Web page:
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Q & A: How to dry basement air?

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Most recent answer: 09/11/2014
Q:
Hello I am building a house in belgium with a basement. This basement has reinforced concrete walls of 40cm thick. I hear from other people who have a similar basement that they have a lot of condensation on the floor and walls of the basement in the summer months. I suppose this is because of the high humidity during the summer. The hot summer air contains a lot of moist, it enters the basement through the ventilation holes, it cools off there and the moist sticks to the concrete. I was wondering about the following: Could it be helpful to connect long pipes to the ventilation holes that are burried into the ground, so that the air that comes into my basement from outside has to travel (and cool off!) below the ground first (in the long tubes) and leaves the moist behind? How long and how deep below the ground would the tubes need to be? Thanks in advance for your insights.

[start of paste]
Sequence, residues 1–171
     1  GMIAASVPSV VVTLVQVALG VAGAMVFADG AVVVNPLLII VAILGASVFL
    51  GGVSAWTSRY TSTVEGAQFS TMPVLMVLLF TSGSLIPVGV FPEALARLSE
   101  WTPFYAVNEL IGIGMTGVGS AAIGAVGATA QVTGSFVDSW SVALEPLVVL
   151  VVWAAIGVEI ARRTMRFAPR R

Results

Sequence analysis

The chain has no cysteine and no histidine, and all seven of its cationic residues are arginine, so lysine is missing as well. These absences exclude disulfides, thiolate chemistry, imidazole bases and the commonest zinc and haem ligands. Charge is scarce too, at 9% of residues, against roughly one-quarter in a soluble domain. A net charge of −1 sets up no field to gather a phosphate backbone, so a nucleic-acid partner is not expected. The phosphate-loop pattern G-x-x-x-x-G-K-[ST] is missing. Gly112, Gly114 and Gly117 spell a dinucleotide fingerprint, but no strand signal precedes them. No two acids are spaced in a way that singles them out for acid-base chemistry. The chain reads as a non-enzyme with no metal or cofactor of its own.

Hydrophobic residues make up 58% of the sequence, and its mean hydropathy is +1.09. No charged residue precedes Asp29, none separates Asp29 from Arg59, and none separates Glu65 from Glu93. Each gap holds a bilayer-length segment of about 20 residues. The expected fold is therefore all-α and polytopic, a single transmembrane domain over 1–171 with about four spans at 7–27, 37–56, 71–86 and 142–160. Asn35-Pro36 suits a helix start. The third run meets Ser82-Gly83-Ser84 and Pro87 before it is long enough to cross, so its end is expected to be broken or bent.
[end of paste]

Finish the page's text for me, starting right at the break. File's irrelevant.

- Joeri (age 26)
BE
A:

That's an interesting idea. I'm familiar with the basement moisture problem, which leads to a lot of mold. I think it may not be especially practical because the long underground pipes would collect the condensed water vapor, might get moldy, corrode, etc. 

One solution is to simply run dehumidifiers in the basement, letting the water go out a drain. That works but is energy-inefficient.  I'm considering putting in a new hybrid water heater. These pump heat from the basement into the hot water tank. The cold external coils serve as a basement dehumidifier. This process combines energy efficiency and the extra benefit of dehumidification.

Mike W.


(published on 09/11/2014)

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